“By faith in Christ you are in direct relationship with God.” Galatians 3:24
I heard it again this week, and it made me cringe. I think it’s a Christian cop-out. Over coffee with a friend, we discussed the failing state of the economy and, in particular, its impact on our own personal financial situations. Then she said it…“Oh, well, God is in control.”
Now let me most certainly state that I undoubtedly believe God is in control. There is no question in my mind that the God of the universe is sovereign and all-powerful. I am utterly convinced my life is in the hands and strong arms of a loving, reliably benevolent God. So what’s my problem?
First, it’s the way we say it. So flippantly. So…Ka sera, sera, what will be will be. We tout the familiar platitude, perhaps relieved nothing more is required of us than to assure ourselves of divine omnipotence. We imagine God is on his throne; “out there” in His heaven and all is right with the world. If things are not as we want them to be, we just hope He shows up when we need Him and make things better, especially those things that concern us. We walk away disengaged from God relieved to be free from any requirement or participation on our part. The great danger in all this is that we will live unaware, unresponsive, and unbelieving and miss the participation, conversations, and invitations in the actual redemptive, saving ways of God in our lives and in the world. This effectively pushes God to the periphery of our lives and reduces our faith to mere cosmetics.
Scripture, however, does not take this remote approach to God. What we see in Scripture is the story of a personal God acting in history and, specifically, in the people’s lives: Abraham, Moses, Gideon, David, Mary, Paul….God does not reveal Himself as a theological construct or idea, but personally, invading our lives with His presence and inviting us personally into his redemptive purposes.
God does not reveal Himself as a theological construct or idea, but personally, invading our lives with His presence and inviting us personally into his redemptive purposes.
Author Eugene Peterson notes, “God is nothing if not personal and can only be known by personal response. We cannot know God through impersonal abstractions or in solitary isolation. The only way God reveals God’s self is personally. Never impersonally as a force or an influence, never abstractly as an idea or truth or principle.”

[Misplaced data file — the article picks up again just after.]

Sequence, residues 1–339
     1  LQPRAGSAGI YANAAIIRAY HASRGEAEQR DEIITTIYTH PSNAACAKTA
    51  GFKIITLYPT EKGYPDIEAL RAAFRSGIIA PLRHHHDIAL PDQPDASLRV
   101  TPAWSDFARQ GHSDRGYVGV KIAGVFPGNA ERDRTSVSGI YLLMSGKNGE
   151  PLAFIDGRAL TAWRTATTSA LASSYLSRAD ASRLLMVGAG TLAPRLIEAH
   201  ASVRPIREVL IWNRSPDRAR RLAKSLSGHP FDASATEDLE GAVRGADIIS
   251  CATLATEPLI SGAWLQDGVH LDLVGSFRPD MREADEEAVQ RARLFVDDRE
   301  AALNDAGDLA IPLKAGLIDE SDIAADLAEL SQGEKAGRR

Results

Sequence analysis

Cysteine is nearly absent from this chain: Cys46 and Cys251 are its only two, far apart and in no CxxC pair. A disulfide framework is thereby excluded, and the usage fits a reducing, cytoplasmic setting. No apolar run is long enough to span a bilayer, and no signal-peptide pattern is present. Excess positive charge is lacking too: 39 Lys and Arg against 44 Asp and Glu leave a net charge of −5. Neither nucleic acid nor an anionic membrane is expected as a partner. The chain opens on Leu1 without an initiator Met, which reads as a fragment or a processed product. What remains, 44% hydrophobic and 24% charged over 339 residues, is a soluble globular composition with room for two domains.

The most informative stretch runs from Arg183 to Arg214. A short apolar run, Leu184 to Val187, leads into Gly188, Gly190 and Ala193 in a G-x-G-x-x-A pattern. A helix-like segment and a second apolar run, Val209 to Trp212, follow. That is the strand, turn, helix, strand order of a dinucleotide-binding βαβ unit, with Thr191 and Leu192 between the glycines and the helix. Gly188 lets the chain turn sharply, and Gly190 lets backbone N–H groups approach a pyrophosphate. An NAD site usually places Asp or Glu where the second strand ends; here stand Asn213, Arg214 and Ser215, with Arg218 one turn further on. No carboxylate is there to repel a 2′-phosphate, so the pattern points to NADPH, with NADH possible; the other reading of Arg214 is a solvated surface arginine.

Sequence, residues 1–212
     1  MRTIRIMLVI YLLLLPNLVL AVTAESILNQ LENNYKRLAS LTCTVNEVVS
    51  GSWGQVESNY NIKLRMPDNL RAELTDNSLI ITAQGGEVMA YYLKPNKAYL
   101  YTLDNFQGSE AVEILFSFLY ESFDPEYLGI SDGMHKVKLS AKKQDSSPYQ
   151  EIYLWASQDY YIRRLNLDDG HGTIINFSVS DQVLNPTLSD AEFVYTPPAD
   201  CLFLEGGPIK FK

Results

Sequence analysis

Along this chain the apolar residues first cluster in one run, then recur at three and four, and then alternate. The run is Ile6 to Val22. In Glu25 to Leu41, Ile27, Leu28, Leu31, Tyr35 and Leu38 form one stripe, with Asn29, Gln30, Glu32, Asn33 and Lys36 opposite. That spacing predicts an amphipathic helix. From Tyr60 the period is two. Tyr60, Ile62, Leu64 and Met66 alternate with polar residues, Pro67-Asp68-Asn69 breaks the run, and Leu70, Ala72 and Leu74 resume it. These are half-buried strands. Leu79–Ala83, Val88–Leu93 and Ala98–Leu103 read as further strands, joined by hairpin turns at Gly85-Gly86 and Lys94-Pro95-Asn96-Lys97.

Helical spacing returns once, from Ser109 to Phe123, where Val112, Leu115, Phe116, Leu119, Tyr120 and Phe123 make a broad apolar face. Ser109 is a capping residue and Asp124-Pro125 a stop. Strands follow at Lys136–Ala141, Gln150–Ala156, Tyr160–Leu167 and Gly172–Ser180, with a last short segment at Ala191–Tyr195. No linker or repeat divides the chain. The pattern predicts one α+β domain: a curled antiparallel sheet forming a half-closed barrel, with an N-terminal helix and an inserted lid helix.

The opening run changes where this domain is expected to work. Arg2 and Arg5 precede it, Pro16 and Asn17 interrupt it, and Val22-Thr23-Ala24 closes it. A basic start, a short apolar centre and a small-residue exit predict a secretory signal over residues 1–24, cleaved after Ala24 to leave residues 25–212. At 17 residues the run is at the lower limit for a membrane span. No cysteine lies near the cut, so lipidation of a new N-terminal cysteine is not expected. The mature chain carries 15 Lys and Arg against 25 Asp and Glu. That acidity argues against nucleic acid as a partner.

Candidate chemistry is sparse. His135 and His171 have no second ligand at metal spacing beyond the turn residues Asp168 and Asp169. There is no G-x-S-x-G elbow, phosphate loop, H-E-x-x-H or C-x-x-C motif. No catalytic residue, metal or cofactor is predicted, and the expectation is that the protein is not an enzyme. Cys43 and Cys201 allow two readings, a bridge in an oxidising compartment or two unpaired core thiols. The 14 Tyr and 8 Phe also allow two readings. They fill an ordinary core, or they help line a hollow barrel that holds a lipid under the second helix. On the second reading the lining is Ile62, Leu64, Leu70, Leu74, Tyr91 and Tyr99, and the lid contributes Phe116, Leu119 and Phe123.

“… The witness is frequent and insistent that God is inherently relational and personal. So God cannot be either received or understood apart from our being personal and relational as well. That most emphatically excludes the detached intellect as a way of knowing God. It excludes programmatic work as a way of knowing God. It excludes the cultivation of the ecstatic and visionary as a way of knowing God. God is not an abstract idea that can be mastered, not an impersonal force that can be used, not a private experience that can be indulged.” Eugene Peterson, Living the Resurrection, (106).
In other words, God is not something we use to make life better, but a person to respond to. God enters into actually living with us and is intimately involved in the ins and outs of our days.
In other words, God is not something we use to make life better, but a person to respond to.
All of this made me think of Jacob wrestling with the angel at Peniel (Gen 32:22-32). Although I have never wrestled with anyone, I do know you cannot remain unattached in the struggle; and it requires all of you, body, soul, and mind. The wrestlers’ bodies are fully engaged and there is intimate contact. It seems very personal! God seems to enjoy wrestling with us.
However, we often just don’t want to get involved with the struggle. We don’t want to wrestle with God; we just want Him to make life better. But then, we miss the contending of what it means to follow a God who actively orchestrates our lives; whose ways are higher than our own; and whose agenda includes helping us recover our lives. God is in control. Don’t miss the blessing of what comes out of that engagement. You may walk away with a limp, but also with a new name.
What does this have to do with Lent? Everything.
If we live from a reality of a distant God, then Lent, and all the other spiritual practices will only prove to be obligatory or burdensome and lead us into life ritualism and legalism.
But…if we live into the reality of a dynamically present God who constantly and actively calls, directs, restores, guides, redeems, reveals Himself, woos, invites, and …then Lent (and all the other spiritual practices) becomes the environment and opportunity to notice, respond and return to God with all our hearts.
Take a minute to think about what you read. How do you see yourself in relationship to God?
What is your response?
What opportunity do you see?